Seamus's hypo has certainly been treated much better than a human would be. He is treated primarily on symptoms, but also the T4 reference range for dogs on levo is higher than the natural reference range. How sensible is that? Also no waiting lists, one week from referral to being seen at a teaching hospital!!!! Mind you, his insurance is already £100/ month and I dread to think what it will be on renewal!

What troubles me is the frequency with which all this happens. If global warming doesn't wipe us out, chronic illness will, it seems!


Hi Ruthi my German shepherd is b12 deficient. It's become quite a joke in my house because the vet has given us a huge bottle of cyanocobalamin and I keep saying I'm tempted to use it!!! My dog has extremely bad allergies to food and it has caused untold damage to her digestive tract. So she can no longer absorb b12 naturally. So I no it does happen xxx good look to you x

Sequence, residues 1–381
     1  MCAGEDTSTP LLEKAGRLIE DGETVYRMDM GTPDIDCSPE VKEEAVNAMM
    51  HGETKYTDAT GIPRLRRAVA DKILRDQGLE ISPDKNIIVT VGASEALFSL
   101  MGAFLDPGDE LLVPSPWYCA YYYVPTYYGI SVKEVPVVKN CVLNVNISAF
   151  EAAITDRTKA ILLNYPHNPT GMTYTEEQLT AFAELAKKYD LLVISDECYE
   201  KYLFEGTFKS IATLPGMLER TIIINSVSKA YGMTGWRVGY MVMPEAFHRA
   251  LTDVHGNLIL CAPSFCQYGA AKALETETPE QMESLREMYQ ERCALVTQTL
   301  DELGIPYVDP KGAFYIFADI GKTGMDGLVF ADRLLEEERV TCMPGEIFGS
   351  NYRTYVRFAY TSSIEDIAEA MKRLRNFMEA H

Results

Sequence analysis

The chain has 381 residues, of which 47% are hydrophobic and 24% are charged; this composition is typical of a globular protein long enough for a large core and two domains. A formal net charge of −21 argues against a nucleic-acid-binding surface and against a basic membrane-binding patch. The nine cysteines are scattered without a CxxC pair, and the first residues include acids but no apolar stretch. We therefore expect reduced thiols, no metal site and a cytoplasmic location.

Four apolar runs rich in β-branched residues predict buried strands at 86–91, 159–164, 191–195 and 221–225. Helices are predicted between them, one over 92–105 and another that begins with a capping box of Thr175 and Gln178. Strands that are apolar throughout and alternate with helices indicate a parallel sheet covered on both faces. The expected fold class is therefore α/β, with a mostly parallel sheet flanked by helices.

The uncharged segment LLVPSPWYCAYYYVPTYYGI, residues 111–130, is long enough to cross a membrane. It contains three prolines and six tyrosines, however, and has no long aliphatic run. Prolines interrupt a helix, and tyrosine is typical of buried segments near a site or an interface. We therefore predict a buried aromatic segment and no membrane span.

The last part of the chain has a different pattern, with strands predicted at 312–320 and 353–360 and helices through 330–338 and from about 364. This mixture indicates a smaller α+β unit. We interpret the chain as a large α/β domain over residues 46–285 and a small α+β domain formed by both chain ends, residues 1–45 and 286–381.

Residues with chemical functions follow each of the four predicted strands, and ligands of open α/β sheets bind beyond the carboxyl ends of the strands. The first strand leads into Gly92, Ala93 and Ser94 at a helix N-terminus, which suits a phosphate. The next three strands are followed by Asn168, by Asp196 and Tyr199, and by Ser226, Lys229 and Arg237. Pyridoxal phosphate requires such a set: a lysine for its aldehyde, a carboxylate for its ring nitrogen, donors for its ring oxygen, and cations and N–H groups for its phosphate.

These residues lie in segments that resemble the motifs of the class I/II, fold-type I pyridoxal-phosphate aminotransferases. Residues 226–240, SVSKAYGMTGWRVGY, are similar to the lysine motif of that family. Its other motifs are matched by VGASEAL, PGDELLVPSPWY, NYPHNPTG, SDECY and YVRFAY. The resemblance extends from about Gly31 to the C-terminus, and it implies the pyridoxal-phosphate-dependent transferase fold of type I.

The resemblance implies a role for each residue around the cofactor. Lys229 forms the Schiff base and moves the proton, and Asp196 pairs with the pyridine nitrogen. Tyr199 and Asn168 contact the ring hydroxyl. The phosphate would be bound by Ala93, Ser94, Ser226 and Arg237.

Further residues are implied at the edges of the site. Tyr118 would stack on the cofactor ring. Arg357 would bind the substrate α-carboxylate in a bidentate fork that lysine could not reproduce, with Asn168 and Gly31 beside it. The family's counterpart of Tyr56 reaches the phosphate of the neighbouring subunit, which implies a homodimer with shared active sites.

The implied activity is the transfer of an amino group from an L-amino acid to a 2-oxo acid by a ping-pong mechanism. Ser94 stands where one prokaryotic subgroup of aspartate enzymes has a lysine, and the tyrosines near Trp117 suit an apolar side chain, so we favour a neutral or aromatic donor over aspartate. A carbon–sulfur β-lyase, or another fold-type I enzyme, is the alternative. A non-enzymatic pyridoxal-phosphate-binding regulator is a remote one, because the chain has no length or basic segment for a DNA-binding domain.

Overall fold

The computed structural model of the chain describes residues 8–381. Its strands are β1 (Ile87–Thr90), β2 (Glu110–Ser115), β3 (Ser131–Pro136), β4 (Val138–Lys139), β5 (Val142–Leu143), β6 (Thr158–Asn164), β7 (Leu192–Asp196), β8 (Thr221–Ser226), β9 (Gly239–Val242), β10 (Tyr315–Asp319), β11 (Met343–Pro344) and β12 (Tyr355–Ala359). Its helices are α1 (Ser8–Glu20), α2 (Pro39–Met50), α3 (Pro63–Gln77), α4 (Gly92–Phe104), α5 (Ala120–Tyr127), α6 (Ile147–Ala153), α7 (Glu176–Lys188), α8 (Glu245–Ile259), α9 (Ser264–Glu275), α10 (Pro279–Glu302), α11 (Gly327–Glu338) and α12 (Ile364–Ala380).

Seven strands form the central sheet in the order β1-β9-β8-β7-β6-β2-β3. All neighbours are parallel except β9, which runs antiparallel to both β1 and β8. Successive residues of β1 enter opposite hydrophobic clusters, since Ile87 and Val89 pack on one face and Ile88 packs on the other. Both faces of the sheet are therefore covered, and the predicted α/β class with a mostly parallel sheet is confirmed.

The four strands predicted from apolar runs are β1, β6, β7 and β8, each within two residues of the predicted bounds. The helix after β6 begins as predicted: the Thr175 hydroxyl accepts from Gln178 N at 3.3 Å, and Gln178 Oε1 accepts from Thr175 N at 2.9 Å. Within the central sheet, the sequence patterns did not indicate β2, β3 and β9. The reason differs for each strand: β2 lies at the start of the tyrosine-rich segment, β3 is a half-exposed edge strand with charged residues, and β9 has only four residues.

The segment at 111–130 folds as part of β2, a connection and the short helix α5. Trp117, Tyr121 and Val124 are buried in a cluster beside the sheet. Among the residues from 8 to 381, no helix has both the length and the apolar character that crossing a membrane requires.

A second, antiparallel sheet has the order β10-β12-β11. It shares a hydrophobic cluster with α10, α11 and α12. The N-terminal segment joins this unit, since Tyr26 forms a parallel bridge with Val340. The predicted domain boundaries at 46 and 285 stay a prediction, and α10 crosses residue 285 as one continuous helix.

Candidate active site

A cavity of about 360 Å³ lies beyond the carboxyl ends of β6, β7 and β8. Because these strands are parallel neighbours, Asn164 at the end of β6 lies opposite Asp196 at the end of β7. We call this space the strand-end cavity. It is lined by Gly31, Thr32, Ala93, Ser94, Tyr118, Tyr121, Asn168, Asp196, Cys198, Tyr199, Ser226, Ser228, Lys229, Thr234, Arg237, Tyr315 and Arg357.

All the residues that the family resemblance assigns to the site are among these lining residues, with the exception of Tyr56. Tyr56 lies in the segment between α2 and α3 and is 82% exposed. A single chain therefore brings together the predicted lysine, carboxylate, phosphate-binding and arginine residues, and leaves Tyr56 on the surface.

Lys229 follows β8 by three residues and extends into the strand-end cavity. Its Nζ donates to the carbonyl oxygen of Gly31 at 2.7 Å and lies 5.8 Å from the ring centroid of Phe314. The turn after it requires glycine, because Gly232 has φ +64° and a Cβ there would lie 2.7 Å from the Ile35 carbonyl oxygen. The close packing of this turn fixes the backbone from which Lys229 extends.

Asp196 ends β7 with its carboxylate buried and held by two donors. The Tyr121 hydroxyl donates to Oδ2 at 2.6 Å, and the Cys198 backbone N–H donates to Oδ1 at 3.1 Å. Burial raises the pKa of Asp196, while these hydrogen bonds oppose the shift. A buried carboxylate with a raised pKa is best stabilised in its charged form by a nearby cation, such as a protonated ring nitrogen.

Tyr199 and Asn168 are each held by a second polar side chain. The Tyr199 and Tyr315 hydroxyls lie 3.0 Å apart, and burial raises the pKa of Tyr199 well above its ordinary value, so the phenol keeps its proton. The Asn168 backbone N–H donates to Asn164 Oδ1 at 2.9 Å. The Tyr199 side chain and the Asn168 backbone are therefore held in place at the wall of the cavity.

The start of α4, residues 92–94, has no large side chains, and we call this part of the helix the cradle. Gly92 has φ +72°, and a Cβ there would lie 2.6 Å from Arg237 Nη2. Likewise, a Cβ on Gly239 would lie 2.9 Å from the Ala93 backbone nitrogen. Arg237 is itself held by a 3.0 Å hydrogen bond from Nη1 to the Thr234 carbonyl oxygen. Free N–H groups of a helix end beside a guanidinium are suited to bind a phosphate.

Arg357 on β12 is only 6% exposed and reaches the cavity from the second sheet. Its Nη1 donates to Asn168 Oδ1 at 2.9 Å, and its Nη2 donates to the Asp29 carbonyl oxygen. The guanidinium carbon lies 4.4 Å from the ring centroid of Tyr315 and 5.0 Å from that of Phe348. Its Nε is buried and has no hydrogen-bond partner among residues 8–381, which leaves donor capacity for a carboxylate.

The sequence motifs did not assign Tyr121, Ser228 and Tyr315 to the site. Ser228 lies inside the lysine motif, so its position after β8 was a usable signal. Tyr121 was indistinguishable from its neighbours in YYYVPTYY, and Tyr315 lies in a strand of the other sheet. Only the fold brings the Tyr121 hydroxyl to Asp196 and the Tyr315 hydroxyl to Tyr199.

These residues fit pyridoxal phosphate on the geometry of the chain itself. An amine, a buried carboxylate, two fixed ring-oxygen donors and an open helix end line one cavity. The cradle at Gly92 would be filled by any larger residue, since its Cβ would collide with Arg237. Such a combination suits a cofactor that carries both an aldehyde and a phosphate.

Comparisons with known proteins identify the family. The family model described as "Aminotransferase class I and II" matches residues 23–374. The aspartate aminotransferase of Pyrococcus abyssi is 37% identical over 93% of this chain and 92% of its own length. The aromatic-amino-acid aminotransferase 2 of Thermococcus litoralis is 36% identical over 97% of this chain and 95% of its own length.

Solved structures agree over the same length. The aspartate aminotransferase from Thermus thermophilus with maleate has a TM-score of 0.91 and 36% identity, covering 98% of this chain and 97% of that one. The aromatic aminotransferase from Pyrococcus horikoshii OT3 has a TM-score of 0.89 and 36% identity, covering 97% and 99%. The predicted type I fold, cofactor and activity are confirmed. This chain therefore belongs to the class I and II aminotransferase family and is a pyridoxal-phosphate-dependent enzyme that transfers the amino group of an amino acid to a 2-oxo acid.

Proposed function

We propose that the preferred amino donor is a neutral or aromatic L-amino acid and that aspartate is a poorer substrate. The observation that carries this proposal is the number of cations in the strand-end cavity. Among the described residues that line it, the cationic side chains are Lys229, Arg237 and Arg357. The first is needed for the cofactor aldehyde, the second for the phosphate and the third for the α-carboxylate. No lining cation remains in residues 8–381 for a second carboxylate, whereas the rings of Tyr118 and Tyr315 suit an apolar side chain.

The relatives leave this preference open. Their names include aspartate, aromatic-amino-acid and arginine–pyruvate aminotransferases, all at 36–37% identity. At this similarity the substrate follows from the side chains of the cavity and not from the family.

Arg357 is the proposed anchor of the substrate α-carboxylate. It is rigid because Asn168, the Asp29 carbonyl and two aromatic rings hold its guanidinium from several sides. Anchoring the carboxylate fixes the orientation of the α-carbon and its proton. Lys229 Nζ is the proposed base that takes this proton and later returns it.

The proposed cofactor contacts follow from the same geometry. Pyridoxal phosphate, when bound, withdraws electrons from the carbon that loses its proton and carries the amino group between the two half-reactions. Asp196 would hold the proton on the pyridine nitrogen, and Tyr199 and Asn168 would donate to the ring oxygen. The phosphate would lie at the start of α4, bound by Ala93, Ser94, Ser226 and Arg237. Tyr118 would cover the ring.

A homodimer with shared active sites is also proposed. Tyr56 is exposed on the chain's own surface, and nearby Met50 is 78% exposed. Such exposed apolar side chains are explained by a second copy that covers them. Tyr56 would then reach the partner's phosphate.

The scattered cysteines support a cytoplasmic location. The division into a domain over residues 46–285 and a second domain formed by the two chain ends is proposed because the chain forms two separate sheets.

Nice to hear stories of dogs who have benefitted. The mystery in Seamus's case is that his digestion is cast iron! A good thing since he is a typical sighthound and will steal anything edible!

Today is the day. I am as nervous as if I were seeing a doc myself!


Hi Ruthin, do update us and let us know how everything goes? I used to have Irish Setters, another slim built, speedy dog. My first one had thyroid problems, combined with a very suspect digestive system. He had bad diarrhoea and colitis, to the point where we could only feed him a very limited diet. Knowing what I know now, I should have been supplementing his food much more. MariLiz